Secondly, previous studies demonstrated the efficiency of new active learning techniques from several disciplines and from a range of age groups of students [5,41,42]. However, despite the popularity of these new teaching methods that include technology as a fundamental part of the method, there is no empirical evidence about their effects on the sustainability topic [23]. This fact contrasts with the current literature on this topic and, thus, enhances the relevance of these new methodologies to teach sustainability [29,32,40]. Specifically, our study contributes to the current debate in the literature in a practical way, enhancing the positive outcome of apps in sustainability and CSR education when this method is combined with a traditional methodology. Mixed teaching methods, i.e., those that combine traditional training (textbooks, handbooks, scientific journals, etc.) with digital tools (apps, videos, other technology aids, etc.), make it possible to empower more intensive learning in sustainability issues [3,21]. From this perspective, our results suggest that it is necessary to combine both (traditional and apps) in order to modify students’ sustainable behavior to a significant and successful extent. In this sense, our students believe that using apps helped to improve their learning in sustainability more than if they had only received traditional teaching. Our findings also support previous research that analyzed similar objectives but in a sample of academics [29]. In this case, the instructors indicated “the need for more and a greater mix of teaching resources that are sustainability-focused or that integrate sustainability dimensions into different management disciplines” [29] (p. 477). Furthermore, Aragon-Correa, Marcus, Rivera, and Kenworthy [29] (p. 478) highlighted the idea that “digital resources are viewed as important and have relatively high associated levels of satisfaction for instructors in the field, even when apps appear to be in a very early stage”.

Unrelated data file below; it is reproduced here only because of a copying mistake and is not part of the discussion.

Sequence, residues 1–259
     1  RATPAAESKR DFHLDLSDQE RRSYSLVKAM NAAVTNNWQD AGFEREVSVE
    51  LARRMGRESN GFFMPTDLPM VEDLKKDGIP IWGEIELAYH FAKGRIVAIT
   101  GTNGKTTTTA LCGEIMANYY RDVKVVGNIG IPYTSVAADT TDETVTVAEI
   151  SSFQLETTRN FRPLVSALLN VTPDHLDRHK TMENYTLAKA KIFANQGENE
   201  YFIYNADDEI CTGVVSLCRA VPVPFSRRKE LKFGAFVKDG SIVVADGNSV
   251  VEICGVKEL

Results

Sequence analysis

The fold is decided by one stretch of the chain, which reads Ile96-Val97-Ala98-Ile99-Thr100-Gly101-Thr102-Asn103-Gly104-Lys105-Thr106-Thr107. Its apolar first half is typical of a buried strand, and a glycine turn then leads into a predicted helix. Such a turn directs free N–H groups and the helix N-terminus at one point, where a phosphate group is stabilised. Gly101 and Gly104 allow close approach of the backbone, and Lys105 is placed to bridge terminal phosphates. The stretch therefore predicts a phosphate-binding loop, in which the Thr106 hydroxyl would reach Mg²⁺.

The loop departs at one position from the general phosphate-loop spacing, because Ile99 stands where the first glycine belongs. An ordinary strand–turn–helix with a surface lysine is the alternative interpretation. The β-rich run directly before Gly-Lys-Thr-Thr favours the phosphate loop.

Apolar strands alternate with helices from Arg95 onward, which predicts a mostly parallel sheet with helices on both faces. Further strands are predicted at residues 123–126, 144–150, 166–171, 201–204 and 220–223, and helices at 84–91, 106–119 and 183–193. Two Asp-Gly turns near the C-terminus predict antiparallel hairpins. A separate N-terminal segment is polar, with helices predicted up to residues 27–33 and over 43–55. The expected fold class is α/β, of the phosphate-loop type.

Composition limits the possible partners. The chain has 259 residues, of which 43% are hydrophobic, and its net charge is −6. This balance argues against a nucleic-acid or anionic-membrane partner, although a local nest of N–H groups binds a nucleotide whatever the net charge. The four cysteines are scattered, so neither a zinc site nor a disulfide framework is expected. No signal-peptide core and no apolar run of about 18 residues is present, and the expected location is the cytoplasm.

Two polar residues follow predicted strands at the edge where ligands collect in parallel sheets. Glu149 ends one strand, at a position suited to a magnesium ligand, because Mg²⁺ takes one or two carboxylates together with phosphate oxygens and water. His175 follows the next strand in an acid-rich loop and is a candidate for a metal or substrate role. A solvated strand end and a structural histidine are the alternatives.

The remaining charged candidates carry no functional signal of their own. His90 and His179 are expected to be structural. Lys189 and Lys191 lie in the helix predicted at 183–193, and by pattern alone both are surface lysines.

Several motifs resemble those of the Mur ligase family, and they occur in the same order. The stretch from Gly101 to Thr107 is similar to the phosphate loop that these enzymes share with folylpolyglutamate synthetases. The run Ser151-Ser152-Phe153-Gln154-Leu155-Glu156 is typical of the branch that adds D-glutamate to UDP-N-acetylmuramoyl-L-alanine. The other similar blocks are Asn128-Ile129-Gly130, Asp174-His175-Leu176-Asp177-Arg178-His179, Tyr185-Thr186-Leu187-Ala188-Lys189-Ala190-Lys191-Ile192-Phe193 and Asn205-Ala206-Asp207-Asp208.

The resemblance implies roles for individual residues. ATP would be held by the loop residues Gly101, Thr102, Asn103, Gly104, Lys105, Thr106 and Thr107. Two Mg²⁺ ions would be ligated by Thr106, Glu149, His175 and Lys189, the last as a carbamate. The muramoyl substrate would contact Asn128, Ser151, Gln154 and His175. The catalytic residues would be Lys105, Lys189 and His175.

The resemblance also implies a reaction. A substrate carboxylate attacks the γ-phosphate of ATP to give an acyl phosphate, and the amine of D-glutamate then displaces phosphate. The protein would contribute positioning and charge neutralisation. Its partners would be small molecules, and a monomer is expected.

Thirdly, our findings also contribute to the current tension in sustainable education. Despite the fact that previous work defended the position that the teaching of sustainability must be focused on improving students’ CSR management skills in order to make companies better off [71,72], this study also insists on the necessity to create a better world, stating that sustainable education should also focus on this goal [40]. This paper argues that teaching sustainability and CSR should be designed not only to train managers to make companies better off, but also to teach students to change the world they live in, pursuing both goals.